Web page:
ed story's f-c sand shrimp

looked like a winner to me and i was meeting a friend to fish the next day, so i tied some up to try.  i made a few minor tweaks to the ed story version to hawaiianize the pattern a little.  first i tied it on a size 4 hook (the original f-c sand shrimp was tied on a size 1, in subsequent years they have come out with a f-c sand shrimp jr.  which is a size 4).  instead of using all craft fur, i tied mine with a shorter rabbit fur tail.  the rabbit fur adds a little color and texture contrast and has a lively motion in the water when the fly is at rest.  i replaced the painted lead eye of the f-c version with a 5/32" brass eye to make it a more versatile sink rate for hawaii waters.  the last change i made was to add stripes to the wing instead of the tail to make the barring more pronounced and visible.  the first batch i tied were olive and brown color.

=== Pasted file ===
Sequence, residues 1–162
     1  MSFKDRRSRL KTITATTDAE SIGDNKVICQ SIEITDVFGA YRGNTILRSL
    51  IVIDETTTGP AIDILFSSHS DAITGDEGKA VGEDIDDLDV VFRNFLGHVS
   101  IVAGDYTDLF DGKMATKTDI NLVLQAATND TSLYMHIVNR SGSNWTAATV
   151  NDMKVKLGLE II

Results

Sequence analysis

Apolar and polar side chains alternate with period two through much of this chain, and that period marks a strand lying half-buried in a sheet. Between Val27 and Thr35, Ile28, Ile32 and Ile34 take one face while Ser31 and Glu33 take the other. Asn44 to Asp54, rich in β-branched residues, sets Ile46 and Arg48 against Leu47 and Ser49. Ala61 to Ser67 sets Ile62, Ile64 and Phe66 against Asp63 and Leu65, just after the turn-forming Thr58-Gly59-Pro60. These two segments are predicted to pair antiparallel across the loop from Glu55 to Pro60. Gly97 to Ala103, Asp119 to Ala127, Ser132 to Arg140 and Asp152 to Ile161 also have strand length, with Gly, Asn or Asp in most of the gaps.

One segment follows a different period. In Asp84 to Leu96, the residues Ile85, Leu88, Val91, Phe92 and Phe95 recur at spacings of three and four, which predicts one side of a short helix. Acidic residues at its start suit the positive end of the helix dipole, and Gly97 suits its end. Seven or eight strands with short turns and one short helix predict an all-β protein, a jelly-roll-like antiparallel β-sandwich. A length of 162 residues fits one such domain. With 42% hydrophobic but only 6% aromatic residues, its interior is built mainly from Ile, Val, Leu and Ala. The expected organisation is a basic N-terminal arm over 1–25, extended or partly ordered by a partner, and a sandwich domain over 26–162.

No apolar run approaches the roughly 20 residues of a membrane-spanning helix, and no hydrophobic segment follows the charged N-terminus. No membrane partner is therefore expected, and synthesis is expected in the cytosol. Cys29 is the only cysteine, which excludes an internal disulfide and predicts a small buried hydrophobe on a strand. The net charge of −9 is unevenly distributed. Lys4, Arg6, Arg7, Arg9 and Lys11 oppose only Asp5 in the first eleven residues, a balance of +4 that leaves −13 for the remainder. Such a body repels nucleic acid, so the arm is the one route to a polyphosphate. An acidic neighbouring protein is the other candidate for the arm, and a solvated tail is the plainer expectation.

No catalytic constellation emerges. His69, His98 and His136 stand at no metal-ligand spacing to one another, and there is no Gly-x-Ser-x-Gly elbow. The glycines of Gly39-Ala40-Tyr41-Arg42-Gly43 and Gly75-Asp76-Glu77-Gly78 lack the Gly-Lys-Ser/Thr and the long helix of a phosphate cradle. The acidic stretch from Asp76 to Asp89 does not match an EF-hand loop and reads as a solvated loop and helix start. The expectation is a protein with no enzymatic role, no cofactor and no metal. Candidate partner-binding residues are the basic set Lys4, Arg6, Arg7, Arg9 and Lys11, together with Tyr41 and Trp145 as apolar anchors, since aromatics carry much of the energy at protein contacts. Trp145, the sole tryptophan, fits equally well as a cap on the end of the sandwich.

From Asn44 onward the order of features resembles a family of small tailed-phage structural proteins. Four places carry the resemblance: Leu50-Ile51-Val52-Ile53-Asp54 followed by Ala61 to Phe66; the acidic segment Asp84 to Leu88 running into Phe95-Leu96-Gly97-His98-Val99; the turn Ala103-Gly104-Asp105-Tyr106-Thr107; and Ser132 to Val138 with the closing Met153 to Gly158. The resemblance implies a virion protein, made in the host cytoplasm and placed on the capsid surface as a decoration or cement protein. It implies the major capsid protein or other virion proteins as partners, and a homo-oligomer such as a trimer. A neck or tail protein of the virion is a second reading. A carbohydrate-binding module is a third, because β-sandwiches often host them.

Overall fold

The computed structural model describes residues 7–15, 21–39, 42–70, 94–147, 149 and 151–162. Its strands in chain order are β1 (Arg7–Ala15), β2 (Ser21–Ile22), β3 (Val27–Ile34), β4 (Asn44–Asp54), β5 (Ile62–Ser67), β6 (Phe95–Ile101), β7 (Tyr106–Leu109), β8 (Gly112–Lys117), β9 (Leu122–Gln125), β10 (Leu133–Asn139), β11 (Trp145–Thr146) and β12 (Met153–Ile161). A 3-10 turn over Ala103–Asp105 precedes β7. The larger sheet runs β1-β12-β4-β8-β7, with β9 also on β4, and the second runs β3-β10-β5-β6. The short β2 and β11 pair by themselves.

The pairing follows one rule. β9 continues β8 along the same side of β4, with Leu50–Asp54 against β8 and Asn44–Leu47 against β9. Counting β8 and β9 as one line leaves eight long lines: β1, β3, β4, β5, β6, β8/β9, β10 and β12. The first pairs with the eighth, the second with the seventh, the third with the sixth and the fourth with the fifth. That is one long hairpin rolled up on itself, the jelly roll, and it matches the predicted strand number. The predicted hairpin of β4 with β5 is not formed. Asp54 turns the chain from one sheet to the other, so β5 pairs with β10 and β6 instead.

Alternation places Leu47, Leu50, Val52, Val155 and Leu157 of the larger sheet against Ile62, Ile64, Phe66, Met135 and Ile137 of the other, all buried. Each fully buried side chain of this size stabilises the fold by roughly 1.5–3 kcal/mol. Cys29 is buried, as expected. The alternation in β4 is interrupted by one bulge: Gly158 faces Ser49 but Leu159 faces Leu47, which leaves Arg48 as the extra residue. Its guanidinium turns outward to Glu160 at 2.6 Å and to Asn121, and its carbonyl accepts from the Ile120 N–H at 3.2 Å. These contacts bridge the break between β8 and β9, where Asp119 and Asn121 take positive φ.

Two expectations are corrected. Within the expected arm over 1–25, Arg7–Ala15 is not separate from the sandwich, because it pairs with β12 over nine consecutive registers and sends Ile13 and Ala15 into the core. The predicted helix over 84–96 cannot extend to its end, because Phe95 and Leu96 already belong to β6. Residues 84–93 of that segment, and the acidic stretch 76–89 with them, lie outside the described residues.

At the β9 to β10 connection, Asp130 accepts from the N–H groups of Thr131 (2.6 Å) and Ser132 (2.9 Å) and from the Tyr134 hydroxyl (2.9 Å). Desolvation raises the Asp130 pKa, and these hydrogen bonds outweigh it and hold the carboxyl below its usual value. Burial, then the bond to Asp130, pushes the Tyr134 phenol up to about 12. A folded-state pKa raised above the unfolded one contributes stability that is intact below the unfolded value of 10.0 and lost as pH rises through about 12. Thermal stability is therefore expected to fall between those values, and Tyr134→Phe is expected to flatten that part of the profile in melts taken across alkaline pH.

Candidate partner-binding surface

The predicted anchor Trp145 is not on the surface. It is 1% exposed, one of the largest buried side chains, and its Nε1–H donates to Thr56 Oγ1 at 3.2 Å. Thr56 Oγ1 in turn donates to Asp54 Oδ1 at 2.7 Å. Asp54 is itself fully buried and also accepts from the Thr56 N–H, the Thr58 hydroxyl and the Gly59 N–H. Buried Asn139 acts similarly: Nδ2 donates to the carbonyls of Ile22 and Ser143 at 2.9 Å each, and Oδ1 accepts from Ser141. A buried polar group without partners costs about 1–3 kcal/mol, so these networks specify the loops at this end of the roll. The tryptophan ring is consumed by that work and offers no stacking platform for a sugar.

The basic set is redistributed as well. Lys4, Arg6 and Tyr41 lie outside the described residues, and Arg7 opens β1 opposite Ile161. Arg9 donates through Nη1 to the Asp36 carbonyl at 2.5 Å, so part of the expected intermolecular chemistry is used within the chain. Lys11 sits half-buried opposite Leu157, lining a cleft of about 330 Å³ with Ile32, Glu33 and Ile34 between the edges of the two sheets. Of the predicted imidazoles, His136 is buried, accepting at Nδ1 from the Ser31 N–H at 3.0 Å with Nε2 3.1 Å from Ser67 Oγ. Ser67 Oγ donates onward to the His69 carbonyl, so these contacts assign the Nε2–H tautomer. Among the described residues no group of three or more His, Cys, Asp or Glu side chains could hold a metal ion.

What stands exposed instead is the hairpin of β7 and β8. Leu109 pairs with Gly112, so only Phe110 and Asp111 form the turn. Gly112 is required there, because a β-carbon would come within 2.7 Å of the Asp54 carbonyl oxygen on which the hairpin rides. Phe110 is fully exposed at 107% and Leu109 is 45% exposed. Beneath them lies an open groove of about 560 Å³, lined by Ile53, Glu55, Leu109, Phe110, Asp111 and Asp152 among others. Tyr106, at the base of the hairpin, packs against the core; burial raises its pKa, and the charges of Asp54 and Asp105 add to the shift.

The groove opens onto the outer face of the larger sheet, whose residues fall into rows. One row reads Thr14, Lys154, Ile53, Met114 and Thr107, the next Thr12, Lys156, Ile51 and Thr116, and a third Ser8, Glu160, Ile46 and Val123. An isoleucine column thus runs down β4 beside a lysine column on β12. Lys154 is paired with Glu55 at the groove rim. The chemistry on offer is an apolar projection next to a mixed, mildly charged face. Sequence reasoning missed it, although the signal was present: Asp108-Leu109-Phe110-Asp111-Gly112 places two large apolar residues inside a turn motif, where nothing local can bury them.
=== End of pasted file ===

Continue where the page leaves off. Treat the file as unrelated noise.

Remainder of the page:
the original "hawaiianized" sand shrimp.  to this day it is still my personal favorite color.

the next day i was out on the flats of rat island fishing with a friend of mine.  this "friend", who shall remain nameless, is one of the greatest guys i know, but not the most shall we say "naturally skilled" when it comes to fly fishing.  he does, however, possess an incredibly happy and positive attitude and flat out loves being on the water which is really all that matters when you get down to it... at least to me.

anyway, we went out and kind of went our separate ways looking for bones.  i hooked a few then went looking for him to see how he was doing.  the bite was not red hot so i kind of knew that he was probably not doing very well.  i was right.  still, when i rolled up to him he greeted me with a big smile.  i told him that i had hooked a few but that they were a tough few.  i opened my box and took out one of the sand shrimps i had tied the night before.  "let's try this fly".



sand shrimps can be tied in many bone loving colors.  over the years many many bonefish have fallen for these color combos.